After four years of deployment in the Aegean Sea, we have decided with a heavy heart to assign our ship MARE LIBERUM to a new purpose. From 2018 to 2021, we were operating with our ship in the Aegean Sea and documenting human rights violations and border violence against people on the move on the dangerous flight route between Turkey and Greece. This mission was several times interrupted by multiple attempts of blockage and criminalization of our work. Unfortunately, the increasing repression and criminalisation by Greek authorities have made the further deployment of the MARE LIBERUM impossible, so that we have shifted our focus from the sea to the coast at the beginning of the year.
“The decision was not easy for us, but the repressive laws in Greece make it impossible for NGOs to monitor human rights with a ship anymore. We can no longer deploy the ship in Greece, we now have to find a new purpose for it” - Hanno, board member of Mare Liberum.
We offer the ship to any good use. Questions and offers can be answered by mail: firstname.lastname@example.org
The ship is well maintained and ready to sail. It is located on the island of Lesvos but can be brought to wherever it suits a new owner. Ideas of use are: Driving on the sea, SAR-trainings, museum, decoration and place for events on land (like the example of the Beluga), house-boat and many more.
The current MARE LIBERUM was built in 1917 and celebrated its 100th anniversary in the Aegean Sea. The ship is in good condition and has a long history. The ship used to be called GO46 and was used as a crab cutter in the Netherlands. Later it was converted into a houseboat and equipped with six beds, bathroom, kitchen, refrigerator, heating and fresh water machine. The energy supply is almost self-sufficient thanks to a recently installed large photovoltaic system and a powerful generator. The mess is comfortable with sofas for eight people to use as an office area and living room. On deck there is space for meetings and a roof terrace. The RHIB can be hoisted with a very strong beam. Many spare parts and tools are available on board. Long range and three VHF radios are on board. The technical and safety equipment is up to date for ocean voyages.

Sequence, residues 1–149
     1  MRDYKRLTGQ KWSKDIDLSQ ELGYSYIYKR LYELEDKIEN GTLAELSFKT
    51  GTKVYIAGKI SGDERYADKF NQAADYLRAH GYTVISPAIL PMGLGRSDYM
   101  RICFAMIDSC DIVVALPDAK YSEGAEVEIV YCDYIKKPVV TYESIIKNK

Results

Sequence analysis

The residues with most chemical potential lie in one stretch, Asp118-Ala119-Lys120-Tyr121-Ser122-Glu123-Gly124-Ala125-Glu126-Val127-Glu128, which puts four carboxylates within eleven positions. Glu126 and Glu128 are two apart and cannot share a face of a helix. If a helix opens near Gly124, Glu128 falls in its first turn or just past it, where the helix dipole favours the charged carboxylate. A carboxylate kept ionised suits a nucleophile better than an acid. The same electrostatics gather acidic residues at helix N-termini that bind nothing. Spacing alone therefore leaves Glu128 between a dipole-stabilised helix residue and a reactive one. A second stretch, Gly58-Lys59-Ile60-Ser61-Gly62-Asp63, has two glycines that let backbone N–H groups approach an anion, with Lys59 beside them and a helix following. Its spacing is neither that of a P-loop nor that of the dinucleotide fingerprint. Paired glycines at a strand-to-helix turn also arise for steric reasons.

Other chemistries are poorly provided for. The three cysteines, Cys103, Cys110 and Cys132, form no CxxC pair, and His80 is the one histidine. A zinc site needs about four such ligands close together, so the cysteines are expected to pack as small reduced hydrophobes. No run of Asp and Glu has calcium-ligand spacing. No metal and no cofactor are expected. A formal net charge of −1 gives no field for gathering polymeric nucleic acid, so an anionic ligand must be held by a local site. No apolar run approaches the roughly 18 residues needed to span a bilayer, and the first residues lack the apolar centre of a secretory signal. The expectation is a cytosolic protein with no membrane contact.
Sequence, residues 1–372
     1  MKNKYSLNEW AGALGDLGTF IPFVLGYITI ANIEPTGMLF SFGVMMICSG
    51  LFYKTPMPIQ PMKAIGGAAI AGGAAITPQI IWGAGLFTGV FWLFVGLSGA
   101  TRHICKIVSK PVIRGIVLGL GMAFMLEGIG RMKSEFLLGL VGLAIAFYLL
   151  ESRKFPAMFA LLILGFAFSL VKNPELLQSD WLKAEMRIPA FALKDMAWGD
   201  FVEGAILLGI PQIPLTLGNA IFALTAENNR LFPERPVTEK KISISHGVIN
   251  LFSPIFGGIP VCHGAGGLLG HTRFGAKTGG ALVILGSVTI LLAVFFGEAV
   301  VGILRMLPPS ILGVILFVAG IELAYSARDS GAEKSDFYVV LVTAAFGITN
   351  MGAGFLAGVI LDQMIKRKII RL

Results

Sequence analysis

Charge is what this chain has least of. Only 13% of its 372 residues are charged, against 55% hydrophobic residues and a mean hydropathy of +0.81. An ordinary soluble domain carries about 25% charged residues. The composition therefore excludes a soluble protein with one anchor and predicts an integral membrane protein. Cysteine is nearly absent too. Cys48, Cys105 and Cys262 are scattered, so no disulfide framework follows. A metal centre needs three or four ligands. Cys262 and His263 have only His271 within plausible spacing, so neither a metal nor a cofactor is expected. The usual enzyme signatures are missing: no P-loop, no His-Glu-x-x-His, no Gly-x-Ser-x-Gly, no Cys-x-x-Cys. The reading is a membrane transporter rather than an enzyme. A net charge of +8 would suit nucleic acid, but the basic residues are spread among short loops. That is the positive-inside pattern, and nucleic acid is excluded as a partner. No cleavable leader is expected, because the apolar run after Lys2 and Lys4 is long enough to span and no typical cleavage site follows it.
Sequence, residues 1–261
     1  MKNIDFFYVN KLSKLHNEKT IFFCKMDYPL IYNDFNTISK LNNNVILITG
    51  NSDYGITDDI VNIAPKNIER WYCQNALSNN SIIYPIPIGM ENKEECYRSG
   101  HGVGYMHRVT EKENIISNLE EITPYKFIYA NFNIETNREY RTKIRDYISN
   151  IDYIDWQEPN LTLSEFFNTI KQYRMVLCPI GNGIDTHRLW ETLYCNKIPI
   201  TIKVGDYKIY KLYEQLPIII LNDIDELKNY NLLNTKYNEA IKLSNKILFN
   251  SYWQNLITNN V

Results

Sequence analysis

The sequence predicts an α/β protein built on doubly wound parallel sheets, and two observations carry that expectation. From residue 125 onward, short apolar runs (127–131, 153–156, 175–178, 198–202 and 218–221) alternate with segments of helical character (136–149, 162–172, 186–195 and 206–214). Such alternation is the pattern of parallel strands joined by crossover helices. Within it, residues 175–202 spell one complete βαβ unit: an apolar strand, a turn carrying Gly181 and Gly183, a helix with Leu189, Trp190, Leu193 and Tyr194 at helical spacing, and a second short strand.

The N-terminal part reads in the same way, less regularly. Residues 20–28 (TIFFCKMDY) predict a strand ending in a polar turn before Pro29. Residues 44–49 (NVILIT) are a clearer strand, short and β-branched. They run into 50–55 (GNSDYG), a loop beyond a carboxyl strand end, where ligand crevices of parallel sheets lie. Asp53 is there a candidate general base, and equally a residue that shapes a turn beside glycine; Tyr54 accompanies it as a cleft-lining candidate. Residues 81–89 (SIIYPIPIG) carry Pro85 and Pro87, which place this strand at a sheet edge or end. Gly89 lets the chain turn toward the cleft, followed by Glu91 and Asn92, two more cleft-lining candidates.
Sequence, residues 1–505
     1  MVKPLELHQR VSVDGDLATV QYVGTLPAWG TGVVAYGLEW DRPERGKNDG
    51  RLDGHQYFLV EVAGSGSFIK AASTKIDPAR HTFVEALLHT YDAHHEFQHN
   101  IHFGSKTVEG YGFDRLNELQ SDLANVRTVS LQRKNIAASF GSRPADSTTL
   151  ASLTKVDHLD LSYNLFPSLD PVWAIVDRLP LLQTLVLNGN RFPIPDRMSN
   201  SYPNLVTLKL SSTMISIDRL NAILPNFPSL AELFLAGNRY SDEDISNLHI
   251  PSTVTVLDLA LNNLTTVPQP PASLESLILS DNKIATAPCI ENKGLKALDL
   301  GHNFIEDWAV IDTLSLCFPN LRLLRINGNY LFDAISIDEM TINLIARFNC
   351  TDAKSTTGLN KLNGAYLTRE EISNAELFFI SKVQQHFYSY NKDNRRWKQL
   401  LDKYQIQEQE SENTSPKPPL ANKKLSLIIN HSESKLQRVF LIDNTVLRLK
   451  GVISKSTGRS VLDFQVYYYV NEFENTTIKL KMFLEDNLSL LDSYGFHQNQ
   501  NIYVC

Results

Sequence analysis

In 2014, the vessel was bought by SEA-WATCH a German NGO. Over the years, the ship became not only a symbol of civilian humanitarian engagement but also a witness to failing European migration policy, as the European Union continues to knowingly accept the dying and disappearing of people at its external borders.
After a break, the SEA-WATCH headed back to the Aegean Sea in 2017, where she returned with a new mission as MARE LIBERUM to the migration route between Turkey and Greece.